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Re: Another strange bug in Mathematica 4.0's Integrate
*To*: mathgroup at smc.vnet.net
*Subject*: [mg25406] Re: Another strange bug in Mathematica 4.0's Integrate
*From*: Richard Fateman <fateman at cs.berkeley.edu>
*Date*: Fri, 29 Sep 2000 01:06:51 -0400 (EDT)
*Organization*: University of California, Berkeley
*References*: <8q21lp$hoh@smc.vnet.net> <ztgz5.89556$Zh6.152771@ralph.vnet.net> <8qlo62$q42@smc.vnet.net>
*Sender*: owner-wri-mathgroup at wolfram.com
Hendrik van Hees wrote:
>
> It's funny what the CA-fans argue and don't admit that a bug is a bug.
> If I put in
>
> Integrate[Sqrt[r^2-x^2],{x,-r,r},Assumptions->{r>0}]
>
> this is a well defined expression in terms of a real integral. The
> square root is positive because the principle value is realised
> (according to the online documentation). Further as long as I do not
> tell the path of integration it must be a real integral, otherwise
> Integrate is not well defined!
>
> --
> Hendrik van Hees Phone: ++49 6159 71-2751
> c/o GSI-Darmstadt SB3 3.183 Fax: ++49 6159 71-2990
> Planckstr. 1 mailto:h.vanhees at gsi.de
> D-64291 Darmstadt http://theory.gsi.de/~vanhees/index.html
Documenting a bug in the on-line documentation does not
make it a feature. If Mathematica makes the "wrong" choice
of a value for square root (or in general any function
with a non-unique value) becaue it makes some "standard"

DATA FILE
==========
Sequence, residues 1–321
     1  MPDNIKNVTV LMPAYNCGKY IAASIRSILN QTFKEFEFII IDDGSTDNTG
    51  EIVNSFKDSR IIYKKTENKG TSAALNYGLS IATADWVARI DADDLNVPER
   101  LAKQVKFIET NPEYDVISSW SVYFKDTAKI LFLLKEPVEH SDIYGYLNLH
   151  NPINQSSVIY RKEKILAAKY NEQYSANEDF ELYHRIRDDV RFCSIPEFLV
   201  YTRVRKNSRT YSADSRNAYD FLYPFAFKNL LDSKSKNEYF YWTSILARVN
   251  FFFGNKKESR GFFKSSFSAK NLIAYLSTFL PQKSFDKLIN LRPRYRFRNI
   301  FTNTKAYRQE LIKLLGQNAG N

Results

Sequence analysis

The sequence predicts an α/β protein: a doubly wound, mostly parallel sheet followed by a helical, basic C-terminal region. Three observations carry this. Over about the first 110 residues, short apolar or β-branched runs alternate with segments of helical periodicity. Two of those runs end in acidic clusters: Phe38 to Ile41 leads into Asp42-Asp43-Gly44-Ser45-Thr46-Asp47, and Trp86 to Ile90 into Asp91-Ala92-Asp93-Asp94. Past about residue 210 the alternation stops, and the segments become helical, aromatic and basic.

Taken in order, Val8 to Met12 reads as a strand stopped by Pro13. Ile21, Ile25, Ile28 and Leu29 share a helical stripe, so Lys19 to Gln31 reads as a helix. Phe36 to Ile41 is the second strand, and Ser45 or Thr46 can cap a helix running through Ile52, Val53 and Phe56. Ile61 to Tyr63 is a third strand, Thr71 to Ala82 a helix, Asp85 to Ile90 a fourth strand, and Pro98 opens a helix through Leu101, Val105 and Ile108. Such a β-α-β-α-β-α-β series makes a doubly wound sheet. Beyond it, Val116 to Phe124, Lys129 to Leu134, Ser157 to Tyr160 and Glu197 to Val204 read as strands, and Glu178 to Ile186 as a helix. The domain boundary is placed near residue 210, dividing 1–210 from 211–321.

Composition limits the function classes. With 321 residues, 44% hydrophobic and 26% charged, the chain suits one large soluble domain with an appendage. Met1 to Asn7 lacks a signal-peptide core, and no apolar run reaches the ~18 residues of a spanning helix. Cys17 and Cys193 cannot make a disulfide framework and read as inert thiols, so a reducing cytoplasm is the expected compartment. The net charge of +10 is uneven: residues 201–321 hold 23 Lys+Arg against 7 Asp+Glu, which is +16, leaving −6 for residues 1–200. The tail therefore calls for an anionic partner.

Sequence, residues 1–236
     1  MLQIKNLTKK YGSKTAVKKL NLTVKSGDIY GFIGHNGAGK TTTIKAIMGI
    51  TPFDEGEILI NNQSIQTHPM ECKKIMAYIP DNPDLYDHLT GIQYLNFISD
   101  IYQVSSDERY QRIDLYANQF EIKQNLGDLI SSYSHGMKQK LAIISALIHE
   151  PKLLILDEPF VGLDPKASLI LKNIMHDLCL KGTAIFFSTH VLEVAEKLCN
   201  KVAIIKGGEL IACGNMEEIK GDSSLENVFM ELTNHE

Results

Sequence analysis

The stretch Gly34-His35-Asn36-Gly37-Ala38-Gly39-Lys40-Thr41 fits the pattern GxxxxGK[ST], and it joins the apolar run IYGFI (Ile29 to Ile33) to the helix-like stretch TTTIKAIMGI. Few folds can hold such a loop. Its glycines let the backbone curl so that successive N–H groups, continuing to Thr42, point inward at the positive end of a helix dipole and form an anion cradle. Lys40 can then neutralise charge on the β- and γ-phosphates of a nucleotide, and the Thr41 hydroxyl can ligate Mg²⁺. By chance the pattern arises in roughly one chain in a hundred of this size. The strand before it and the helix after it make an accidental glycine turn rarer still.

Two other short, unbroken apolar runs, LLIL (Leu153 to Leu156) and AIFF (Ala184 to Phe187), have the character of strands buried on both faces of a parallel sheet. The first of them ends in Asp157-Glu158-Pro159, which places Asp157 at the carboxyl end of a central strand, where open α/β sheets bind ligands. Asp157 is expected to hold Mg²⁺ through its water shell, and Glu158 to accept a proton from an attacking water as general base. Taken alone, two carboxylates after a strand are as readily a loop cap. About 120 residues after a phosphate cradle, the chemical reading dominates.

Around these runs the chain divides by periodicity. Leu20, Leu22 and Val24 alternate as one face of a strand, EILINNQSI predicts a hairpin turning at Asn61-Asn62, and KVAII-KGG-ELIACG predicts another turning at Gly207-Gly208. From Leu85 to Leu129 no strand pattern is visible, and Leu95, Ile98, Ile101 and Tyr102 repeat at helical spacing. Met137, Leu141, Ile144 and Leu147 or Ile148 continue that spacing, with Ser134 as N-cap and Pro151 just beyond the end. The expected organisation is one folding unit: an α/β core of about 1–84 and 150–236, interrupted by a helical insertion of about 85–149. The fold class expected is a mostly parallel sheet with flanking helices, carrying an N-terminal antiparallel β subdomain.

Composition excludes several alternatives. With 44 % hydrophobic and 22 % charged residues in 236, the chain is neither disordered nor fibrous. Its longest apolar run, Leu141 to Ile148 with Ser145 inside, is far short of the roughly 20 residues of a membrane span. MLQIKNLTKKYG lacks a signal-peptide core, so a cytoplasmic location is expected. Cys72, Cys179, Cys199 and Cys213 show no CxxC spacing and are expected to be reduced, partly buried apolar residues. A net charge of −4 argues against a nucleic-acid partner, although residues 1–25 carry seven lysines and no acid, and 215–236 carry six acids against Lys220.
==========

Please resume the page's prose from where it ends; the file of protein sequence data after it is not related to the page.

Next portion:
choice of a principal value or some "standard" location
for a branch cut in the complex plane, then the user
can get surprising answers. OR answers that are
not surprising, but subtlely wrong.
A good mathematician will do manipulations being
attentive to such matters as locations of branch cuts,
and make the appropriate choices. When Mathematica
makes a choice (and this is the same for other
computer algebra systems, most of the time), it
(a) doesn't tell you there are other possibilities
and
(b) doesn't allow you to influence the choice.
The point I've tried to make in several notes to this
newsgroup recently is that if the CAS is just too
naive to understand these issues, then inevitably
it will make blunders. The fact that these blunders
often show up in definite integrals does not mean
that the bug is in the integration program. One
can try to patch up the integration program but that
won't cure the underlying difficulty. If the kernel
program that does simplification cannot deal with
multivalued functions (like square root), then there
will always be problems.
These are research problems that are not resolved
by assertions like "we choose the principal value".
For example in another system, Paul Wang's PhD (1972)
definite integration program made explicit use of
notations of Principal and other values. For
example, he used Log and log to distinguish them.
And he made some effort to manipulate them correctly as
he computed path integrals in the complex plane.
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